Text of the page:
Think a DIY house kit is for you?
“I wanted to build something,” Jennifer Buck says. So she’s building a two-story, 2,000-square-foot home in Sharon, Conn. — from a kit.
“I’m going to be 48. Before I get any older, I’m doing it,” Buck adds.
Though she admits to one important weakness: “I’m awful at measuring.”
You’d think that might be a deal breaker. Apparently not.
❚ Half the cost of contractor bids: Buck’s project is a sizable two-story house. Dave Kimball of New Hampshire-based Shelter-Kit, which sold Buck her home, says most of the kits his company sells are custom-designed; it’s not a one-size-fits-all business.
“The size seems to vary year-by-year,” Kimball says.
Buck says her motivation was having an affordable home. Average wage earners couldn’t afford a median-priced home in 68% of 446 U.S. counties analyzed in an ATTOM Data Solutions report released in March. The counties included in the study represent nearly 70% of the U.S. population.
Labor costs are one reason. Though Buck wanted a simple design, contractors were submitting quotes of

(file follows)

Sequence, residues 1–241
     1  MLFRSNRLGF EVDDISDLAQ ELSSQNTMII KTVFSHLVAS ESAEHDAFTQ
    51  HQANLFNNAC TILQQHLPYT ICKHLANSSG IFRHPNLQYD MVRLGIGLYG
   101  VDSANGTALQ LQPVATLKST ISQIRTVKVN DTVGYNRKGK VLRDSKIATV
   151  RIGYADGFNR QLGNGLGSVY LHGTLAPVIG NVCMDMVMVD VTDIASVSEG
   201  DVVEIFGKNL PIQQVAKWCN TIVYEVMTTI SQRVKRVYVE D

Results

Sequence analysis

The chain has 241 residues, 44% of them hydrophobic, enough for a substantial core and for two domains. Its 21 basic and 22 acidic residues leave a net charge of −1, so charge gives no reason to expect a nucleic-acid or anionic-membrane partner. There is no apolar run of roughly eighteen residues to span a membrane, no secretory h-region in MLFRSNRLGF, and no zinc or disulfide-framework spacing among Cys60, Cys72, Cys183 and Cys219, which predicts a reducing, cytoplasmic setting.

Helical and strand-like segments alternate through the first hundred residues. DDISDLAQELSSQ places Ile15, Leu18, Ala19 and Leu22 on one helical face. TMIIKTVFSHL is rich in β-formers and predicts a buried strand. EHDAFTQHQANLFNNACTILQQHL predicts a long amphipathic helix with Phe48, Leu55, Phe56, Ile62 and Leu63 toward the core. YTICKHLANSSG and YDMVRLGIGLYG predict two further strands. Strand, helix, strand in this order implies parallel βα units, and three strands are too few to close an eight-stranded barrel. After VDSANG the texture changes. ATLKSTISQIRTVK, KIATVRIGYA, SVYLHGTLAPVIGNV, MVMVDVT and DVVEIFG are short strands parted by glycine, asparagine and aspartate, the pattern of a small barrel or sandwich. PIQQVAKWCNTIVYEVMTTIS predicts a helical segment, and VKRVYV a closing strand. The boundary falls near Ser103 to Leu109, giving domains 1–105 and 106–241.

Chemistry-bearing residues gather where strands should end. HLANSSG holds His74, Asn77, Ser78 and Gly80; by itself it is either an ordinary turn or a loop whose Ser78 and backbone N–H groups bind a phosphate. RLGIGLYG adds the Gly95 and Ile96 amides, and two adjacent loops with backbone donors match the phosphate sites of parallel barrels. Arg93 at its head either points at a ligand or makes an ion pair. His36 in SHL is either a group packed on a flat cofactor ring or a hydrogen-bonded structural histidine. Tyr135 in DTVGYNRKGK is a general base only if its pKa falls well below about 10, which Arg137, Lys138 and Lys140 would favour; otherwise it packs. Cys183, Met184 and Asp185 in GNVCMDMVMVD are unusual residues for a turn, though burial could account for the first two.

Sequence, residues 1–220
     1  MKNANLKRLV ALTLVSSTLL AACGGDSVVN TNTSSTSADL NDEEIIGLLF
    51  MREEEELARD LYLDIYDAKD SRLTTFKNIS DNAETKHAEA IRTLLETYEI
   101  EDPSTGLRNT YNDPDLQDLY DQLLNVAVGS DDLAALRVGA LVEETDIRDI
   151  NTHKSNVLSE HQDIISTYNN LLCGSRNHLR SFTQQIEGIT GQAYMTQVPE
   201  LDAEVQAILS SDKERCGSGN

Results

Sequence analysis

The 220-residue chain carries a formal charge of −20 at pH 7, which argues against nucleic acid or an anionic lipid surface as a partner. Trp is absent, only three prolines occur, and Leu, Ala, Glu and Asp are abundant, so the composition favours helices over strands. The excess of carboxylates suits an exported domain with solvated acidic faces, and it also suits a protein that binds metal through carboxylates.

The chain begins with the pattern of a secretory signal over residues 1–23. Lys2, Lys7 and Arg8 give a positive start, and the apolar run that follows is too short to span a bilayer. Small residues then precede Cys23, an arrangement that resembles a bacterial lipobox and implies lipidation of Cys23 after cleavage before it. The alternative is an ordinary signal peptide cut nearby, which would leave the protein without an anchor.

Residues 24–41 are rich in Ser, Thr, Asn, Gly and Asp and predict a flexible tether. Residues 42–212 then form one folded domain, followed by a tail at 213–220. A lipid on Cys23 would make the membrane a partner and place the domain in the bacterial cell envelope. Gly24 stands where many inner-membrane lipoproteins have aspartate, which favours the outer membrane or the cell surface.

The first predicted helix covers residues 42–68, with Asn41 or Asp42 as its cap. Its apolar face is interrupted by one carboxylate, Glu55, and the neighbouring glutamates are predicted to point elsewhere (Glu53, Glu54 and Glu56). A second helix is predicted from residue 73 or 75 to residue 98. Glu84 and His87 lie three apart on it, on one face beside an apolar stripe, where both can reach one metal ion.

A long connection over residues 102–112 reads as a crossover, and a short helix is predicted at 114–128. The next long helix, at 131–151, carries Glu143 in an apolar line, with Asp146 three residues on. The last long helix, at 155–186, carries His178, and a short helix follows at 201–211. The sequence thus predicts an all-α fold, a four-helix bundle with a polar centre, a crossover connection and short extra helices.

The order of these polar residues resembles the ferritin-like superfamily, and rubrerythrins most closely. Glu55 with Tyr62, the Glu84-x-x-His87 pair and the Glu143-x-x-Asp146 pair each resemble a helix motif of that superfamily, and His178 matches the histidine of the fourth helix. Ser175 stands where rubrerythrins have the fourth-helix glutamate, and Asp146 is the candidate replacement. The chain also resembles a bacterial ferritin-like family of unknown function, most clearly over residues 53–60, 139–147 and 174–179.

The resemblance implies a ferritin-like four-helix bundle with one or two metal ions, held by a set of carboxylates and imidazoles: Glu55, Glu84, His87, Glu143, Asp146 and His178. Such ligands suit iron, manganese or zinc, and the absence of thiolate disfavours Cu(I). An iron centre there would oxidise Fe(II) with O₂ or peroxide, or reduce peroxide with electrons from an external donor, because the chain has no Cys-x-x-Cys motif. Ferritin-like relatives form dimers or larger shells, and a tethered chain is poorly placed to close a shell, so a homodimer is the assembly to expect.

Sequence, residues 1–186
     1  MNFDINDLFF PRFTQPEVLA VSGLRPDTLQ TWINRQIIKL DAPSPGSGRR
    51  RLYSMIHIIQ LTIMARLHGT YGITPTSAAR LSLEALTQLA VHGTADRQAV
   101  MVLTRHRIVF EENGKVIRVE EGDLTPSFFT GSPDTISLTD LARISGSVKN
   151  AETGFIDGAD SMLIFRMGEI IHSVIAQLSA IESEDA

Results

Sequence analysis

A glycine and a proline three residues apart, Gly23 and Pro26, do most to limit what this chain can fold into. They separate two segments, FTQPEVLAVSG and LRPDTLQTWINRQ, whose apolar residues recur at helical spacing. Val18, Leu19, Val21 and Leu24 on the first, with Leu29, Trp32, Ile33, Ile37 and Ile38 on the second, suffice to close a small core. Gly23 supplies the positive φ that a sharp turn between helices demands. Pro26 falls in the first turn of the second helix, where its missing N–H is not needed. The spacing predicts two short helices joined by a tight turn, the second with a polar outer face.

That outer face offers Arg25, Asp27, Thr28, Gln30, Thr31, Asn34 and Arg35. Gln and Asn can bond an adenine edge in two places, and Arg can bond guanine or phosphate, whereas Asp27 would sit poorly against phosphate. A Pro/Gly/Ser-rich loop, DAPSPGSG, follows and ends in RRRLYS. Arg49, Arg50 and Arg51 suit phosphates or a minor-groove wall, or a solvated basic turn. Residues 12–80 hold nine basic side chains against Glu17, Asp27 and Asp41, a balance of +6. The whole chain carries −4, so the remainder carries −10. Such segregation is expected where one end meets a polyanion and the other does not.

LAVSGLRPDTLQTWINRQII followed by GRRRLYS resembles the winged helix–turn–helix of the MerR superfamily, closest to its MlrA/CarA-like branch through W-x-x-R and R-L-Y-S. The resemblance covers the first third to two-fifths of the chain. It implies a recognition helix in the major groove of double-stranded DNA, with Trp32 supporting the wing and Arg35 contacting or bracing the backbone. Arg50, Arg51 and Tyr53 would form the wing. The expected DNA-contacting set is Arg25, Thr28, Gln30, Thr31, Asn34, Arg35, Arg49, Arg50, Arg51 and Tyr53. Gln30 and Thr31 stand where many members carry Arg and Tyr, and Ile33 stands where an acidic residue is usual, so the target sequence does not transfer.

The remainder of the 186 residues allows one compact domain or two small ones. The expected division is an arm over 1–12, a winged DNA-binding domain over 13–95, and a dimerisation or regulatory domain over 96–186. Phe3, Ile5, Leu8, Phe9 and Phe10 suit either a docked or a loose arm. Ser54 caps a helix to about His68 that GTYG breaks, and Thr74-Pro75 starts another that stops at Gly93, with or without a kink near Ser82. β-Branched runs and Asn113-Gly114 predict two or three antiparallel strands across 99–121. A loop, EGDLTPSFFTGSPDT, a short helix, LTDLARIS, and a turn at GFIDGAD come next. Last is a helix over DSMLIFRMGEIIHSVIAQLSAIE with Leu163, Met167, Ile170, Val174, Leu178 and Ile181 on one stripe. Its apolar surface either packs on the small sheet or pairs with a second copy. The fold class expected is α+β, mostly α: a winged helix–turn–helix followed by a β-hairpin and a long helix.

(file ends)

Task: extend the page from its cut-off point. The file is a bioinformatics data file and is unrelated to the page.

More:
$400,000, she says. Buck’s DIY “home in a box,” built on 3 acres she has owned for years, is nearly completed and will cost about half that. And that includes a new $25,000 septic system.
Kimball says Shelter-Kit homes qualify for financing by a typical mortgage lender. However, home-kit plans and providers vary widely, with prices ranging from $20 per square foot to more than $400. Lender enthusiasm also may vary.
❚ The “OMG” moment: When two 18-wheeler flat- bed trailers delivered 30 pallets of building materials — and a 35-page step-by-step instruction manual — Buck had an “OMG” moment. “There’s a house on my lawn!” she thought. “I just have to put it together.” So Buck took a hiatus from her full-time marketing job and jumped in.
Each piece of the kit was numbered and cut to the proper length, and the kit included everything she needed, even nails. She has spent nearly all of six months building the house. Her brother Kyle — a carpenter — helps on Sundays.
Buck contracted out the construction of the foundation but built the first-floor decking and walls herself. She estimates there’s about a month’s worth of work remaining.
“I’d do it over again, five times,” she says. “More women should do it. They shouldn’t be intimidated.”
She concedes there were setbacks. “The one time when something was off, it turned out that I had measured it wrong.”
Jennifer Buck is building a two-story, 2,000-square-foot home on 3 acres in Sharon, Conn., from a kit sold by Shelter-Kit.
An example of a finished home, built with ShelterKit materials.